Biochemistry, Department of


Date of this Version



Biochemistry, Just Accepted Manuscript DOI: 10.1021/acs.biochem.7b00663 Publication Date (Web): 14 Aug 2017.


Published by American Chemical Society. Copyright © American Chemical Society. Used by permission.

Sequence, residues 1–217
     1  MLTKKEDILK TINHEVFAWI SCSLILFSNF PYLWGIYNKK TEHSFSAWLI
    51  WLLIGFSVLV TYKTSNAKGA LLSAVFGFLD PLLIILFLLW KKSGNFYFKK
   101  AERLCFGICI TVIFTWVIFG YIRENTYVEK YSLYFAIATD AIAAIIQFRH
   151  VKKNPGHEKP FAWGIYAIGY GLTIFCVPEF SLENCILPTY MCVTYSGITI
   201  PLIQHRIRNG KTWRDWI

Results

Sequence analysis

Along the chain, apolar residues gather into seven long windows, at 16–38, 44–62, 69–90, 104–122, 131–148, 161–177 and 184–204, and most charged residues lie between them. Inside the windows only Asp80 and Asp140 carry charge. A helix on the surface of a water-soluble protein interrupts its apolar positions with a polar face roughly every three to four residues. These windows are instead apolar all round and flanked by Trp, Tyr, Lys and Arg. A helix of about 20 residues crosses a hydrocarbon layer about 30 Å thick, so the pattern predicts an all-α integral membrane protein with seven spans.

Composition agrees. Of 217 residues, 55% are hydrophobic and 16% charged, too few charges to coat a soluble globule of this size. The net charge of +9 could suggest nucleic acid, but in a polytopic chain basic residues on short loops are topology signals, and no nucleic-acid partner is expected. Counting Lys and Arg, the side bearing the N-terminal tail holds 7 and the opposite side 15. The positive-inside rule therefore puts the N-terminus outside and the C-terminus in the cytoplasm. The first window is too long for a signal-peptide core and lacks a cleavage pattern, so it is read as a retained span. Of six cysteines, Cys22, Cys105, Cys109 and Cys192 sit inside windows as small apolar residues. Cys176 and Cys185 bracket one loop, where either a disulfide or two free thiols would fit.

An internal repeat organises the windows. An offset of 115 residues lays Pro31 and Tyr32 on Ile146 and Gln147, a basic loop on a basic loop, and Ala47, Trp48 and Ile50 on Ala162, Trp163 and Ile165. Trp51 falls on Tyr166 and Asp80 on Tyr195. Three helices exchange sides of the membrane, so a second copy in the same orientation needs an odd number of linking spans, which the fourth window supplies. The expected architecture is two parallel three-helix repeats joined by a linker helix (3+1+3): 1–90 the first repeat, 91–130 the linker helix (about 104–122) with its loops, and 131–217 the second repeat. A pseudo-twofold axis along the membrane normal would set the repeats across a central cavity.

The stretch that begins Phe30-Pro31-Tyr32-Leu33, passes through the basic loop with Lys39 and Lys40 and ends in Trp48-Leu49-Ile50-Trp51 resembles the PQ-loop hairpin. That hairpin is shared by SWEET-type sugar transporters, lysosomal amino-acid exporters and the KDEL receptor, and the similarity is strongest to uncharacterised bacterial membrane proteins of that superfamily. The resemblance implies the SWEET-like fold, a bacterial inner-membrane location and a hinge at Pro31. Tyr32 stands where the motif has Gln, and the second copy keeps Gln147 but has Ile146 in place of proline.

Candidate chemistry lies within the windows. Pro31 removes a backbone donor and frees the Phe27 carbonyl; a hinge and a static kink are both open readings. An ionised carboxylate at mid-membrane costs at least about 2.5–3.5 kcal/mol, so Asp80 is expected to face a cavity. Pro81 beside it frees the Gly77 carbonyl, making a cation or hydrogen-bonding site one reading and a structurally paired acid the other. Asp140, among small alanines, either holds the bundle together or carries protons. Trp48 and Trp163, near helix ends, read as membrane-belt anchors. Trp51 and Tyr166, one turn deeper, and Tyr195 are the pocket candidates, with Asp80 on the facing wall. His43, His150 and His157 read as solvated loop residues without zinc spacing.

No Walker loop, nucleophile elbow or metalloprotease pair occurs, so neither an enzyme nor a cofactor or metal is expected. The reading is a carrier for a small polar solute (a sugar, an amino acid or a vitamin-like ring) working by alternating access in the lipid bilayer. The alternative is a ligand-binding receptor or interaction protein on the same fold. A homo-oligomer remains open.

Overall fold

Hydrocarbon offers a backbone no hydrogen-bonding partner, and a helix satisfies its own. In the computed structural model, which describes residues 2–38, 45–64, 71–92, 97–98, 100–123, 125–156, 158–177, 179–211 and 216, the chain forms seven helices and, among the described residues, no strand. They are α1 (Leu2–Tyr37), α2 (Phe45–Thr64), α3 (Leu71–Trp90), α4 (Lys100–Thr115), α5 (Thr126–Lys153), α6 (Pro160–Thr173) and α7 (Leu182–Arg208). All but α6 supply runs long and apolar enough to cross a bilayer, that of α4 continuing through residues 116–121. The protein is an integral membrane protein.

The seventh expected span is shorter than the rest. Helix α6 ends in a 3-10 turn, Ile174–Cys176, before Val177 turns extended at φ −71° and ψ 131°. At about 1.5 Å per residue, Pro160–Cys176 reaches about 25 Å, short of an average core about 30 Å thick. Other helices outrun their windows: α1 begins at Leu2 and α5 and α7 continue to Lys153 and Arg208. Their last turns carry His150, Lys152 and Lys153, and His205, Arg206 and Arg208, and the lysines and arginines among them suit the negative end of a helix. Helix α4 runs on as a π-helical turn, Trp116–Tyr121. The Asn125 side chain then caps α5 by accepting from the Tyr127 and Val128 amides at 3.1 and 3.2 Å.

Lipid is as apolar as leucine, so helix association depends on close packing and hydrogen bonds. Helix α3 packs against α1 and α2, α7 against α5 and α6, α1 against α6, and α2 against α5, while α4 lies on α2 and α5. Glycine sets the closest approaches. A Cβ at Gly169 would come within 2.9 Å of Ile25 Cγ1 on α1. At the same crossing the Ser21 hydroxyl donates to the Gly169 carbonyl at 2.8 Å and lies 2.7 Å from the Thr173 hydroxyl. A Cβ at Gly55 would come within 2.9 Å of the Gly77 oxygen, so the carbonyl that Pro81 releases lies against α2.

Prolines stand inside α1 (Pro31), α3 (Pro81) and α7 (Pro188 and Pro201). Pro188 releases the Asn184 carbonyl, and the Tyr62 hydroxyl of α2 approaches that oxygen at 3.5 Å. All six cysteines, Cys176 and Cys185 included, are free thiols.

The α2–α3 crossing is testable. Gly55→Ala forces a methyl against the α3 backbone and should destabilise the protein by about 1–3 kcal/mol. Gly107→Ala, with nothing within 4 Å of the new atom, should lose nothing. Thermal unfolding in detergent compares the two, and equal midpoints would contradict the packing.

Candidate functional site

The inner mitochondrial membrane (IM) is among most protein-rich cellular compartments. The metastable IM sub-proteome where the concentration of proteins is approaching oversaturation creates a challenging protein folding environment with high probability for protein malfunction or aggregation. Failure to maintain protein homeostasis in such a setting can impair functional integrity of the mitochondria and drive clinical manifestations. The IM is equipped with a series of highly conserved, proteolytic complexes dedicated to the maintenance of normal protein homeostasis within this mitochondrial sub-compartment. Particularly important is a group of membrane-anchored metallopeptidases commonly known as m-AAA and i-AAA proteases, and the ATP-independent Oma1 protease. Herein, we will summarize current biochemical knowledge about these proteolytic machines and discuss recent advances toward understanding mechanistic aspects of their functioning.